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Describes the importance of understanding
what we ask for in prayer. Treats of these words in the
Paternoster: “Sanctificetur nomen tuum, adveniat regnum tuum.”
105105“Hallowed be Thy name. Thy kingdom
come.”Applies them to the Prayer of Quiet, and
begins the explanation of them.
We must now come to consider the next petition in our good Master’s prayer, in which He begins to entreat His holy Father on our behalf, and see what it is that He entreats, as it is well that we should know this.
What person, however careless, who had to address someone of importance, would not spend time in thinking how to approach him so as to please him and not be considered tedious? He would also think what he was going to ask for and what use he would make of it, especially if his petition were for some particular thing, as our good Jesus tells us our petitions must be. This point seems to me very important. Couldst Thou not, my Lord, have ended this prayer in a single sentence, by saying: “Give us, Father, whatever is good for us”? For, in addressing One Who knows everything, there would seem to be no need to say any more.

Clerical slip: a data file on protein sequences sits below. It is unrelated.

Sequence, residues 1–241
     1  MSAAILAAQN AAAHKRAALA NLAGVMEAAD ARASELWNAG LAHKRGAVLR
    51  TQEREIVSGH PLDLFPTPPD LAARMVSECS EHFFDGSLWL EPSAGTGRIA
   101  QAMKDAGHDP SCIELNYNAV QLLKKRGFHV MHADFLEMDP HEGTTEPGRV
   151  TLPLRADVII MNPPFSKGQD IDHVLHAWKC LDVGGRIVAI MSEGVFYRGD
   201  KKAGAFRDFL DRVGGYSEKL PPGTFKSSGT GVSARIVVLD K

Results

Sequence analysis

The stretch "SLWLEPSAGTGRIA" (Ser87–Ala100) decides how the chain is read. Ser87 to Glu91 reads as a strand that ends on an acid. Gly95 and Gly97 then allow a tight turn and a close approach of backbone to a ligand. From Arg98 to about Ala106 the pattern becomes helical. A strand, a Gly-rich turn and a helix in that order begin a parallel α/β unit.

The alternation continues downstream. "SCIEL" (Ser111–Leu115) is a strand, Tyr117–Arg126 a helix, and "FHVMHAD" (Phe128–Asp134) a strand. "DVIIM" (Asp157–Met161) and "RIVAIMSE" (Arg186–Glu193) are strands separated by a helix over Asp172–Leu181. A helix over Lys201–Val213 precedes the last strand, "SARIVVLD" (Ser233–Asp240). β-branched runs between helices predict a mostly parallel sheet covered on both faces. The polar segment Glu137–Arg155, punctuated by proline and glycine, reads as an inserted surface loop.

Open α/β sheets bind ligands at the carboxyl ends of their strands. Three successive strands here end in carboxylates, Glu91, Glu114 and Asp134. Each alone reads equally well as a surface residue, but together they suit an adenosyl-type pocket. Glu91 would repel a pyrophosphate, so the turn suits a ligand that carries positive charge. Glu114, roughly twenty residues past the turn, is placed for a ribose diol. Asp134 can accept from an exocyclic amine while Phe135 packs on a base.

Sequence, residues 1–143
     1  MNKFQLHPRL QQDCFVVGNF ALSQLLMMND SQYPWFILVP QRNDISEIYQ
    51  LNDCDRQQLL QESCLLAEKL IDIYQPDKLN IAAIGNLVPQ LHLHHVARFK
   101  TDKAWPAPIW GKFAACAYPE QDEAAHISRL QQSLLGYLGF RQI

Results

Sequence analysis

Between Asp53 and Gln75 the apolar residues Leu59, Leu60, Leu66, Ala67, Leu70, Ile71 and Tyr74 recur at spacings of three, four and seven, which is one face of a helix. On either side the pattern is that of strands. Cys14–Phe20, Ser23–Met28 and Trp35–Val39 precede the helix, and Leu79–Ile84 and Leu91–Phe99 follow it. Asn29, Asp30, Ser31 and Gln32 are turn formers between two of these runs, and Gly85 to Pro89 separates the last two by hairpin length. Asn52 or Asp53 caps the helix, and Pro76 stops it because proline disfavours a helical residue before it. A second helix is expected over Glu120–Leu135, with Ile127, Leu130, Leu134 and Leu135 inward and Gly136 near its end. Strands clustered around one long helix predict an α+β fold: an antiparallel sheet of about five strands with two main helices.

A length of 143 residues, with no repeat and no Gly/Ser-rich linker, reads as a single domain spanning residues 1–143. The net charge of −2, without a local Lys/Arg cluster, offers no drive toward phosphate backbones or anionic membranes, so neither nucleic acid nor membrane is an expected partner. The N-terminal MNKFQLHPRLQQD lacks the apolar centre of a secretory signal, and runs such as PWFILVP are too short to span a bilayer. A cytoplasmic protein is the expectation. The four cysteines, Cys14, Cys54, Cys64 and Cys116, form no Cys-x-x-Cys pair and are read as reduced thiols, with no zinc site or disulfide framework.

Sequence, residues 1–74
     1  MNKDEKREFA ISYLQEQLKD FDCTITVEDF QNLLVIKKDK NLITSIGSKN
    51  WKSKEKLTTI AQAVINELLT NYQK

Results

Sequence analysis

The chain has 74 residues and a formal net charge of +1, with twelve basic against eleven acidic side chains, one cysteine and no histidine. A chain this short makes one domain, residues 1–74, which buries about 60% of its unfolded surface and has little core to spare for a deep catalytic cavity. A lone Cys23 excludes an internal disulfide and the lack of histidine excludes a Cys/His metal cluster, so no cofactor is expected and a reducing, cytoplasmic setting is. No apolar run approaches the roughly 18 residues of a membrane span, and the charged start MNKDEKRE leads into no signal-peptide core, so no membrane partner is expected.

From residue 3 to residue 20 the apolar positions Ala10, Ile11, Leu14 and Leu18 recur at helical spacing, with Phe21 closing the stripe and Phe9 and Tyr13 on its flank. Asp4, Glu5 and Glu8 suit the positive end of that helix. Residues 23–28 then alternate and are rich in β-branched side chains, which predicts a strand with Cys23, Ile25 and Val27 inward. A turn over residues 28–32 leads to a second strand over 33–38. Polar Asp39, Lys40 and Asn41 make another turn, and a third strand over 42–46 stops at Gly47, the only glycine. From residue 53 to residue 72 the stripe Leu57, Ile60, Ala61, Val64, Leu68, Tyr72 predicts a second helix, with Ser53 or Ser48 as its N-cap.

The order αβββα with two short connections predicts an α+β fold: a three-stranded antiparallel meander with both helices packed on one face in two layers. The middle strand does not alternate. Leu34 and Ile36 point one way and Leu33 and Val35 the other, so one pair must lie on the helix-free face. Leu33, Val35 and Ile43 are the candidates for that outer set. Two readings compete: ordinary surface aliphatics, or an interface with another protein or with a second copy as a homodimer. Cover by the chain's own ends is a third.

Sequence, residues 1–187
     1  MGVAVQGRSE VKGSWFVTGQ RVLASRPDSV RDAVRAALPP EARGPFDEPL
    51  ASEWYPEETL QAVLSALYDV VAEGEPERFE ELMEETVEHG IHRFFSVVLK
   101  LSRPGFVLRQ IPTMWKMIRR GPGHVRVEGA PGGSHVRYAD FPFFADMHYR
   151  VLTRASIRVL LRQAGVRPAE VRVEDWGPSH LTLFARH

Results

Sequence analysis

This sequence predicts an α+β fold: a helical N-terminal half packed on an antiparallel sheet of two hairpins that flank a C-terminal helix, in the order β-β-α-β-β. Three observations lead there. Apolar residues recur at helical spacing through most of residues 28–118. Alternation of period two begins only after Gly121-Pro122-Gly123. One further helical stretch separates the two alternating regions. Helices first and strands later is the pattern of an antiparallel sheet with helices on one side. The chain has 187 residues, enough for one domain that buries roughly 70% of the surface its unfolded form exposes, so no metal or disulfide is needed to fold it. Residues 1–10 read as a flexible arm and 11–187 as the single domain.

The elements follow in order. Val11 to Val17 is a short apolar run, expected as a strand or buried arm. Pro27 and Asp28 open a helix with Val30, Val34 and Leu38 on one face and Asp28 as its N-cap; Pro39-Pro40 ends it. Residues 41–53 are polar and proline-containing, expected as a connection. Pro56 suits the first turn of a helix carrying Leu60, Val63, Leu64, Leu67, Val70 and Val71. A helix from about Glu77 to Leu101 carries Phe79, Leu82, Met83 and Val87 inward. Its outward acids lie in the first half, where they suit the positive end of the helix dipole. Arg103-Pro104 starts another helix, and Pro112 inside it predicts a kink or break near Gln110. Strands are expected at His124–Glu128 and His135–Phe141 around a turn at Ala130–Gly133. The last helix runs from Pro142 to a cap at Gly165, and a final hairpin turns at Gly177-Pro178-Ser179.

This would have sufficed, O Eternal Wisdom, as between Thee and Thy Father. It was thus that Thou didst address Him in the Garden, telling Him of Thy will and Thy fear, but leaving Thyself in His hands. But Thou knowest us, my Lord, and Thou knowest that we are not as resigned as wert Thou to the will of Thy Father; we needed, therefore, to be taught to ask for particular things so that we should stop for a moment to think if what we ask of Thee is good for us, and if it is not, should not ask for it. For, being what we are and having our free will, if we do not receive what we ask for, we shall not accept what the Lord gives us. The gift might be the best one possible—but we never think we are rich unless we actually see money in our hands.